Instructor FAQs about Gallery Walk workshops
Instructor FAQs about Writing Center workshops
A: Our tutors offer a 50 minute brainstorming workshop called the “Gallery Walk.” The Gallery Walk workshop is a chance for writers to talk through their ideas early in the writing process with a nonjudgmental, interested and attentive audience, after they’ve engaged with the readings they’ll be writing about and chosen a paper topic but before they’ve written a draft and are still open to revision.
A: Before the workshop, when you arrive, the tutors leading the workshop will check in with you for a quick briefing– to get some context about the class, and to share tips about the Gallery Walk format.
During this check-in, the tutors will tell you how many of them they are; your class should seat themselves at the same number of tables (roughly 4 writers per table, usually).
The 50 minute workshop itself has 6 phases:
- Welcome spiel: The tutors welcome the class, introduce themselves and the range of Writing Center tutoring options (in person or online, drop in or book in advance, 30/60/90 minutes, any writing, any discipline, any stage in the process). Then they join the class in small groups of roughly 4 at tables.
- Instructor reviews the key assignment points on the Assignment Breakdown Whiteboard: For the benefit of tutors and writers, so everyone is on the same page and has a visual reference during the workshop, the teacher talks through the key elements of the writing assignment they want the class to brainstorm about and writes them up as a bullet list on our Assignment Breakdown WhiteBoard.
- Seated brainstorm: Writers brainstorm silently in response to the teacher’s prompt on half-sheet posters we provide for about 5 minutes.
- Gallery Walk part 1: Tutors invite half the class to tape up their brainstorms, and explains the role of the “interested listener” to the other half. For about 10 minutes, interested listeners (classmates and tutors) circulate and ask the presenters to talk about their ideas on their posters, showing interest and asking questions, helping writers identify what is compelling about their ideas and where are opportunities for development.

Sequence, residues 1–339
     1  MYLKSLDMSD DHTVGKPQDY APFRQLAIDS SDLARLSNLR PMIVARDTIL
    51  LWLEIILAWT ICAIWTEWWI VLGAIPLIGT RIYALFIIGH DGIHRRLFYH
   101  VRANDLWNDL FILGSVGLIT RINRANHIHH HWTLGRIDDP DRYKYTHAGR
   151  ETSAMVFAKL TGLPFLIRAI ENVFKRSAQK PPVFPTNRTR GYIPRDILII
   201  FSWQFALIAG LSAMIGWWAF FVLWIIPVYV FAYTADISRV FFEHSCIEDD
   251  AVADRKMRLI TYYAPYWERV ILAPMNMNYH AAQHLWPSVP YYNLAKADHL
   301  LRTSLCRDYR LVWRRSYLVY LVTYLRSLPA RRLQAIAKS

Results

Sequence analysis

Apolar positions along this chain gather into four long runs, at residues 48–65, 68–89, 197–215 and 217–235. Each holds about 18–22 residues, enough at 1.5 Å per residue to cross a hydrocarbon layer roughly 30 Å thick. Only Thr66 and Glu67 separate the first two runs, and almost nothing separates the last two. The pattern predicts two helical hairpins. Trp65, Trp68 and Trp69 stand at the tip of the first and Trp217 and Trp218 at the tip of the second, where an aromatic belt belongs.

- Gallery Walk part 2: Tutors cue the class to switch roles.
- Seated debrief: Tutors invite the class to rejoin their small groups. On debrief handouts, the writers brainstorm next steps and takeaways for about 5 minutes, and tutors facilitate a small group discussion.
After the workshop, time permitting, a tutor will check in with you again for a quick debriefing on how it went.
Our research suggests that this workshop format, among other things…
- Demystifies the Writing Center as resource: Many writers who would not have otherwise sought tutoring help have said that after being in the space and meeting our tutors, they felt comfortable coming back for 1:1 visits–it felt less intimidating a prospect.
- Normalizes conversation with an outside reader as an important part of the process for all writers: Many writers who feel shame and stigma around help-seeking based on past experiences have said that after experiencing our tutors’ commitment to meeting writers wherever they are at without judgment, they felt more comfortable coming back for help.
- Offers nonjudgmental input when writers can most benefit but are least likely to seek it: Many writers have expressed that they are ashamed to seek help with writing early in the process before it’s “good enough” to show, for fear of being judged–but this early phase is where talking through ideas can have the biggest impact.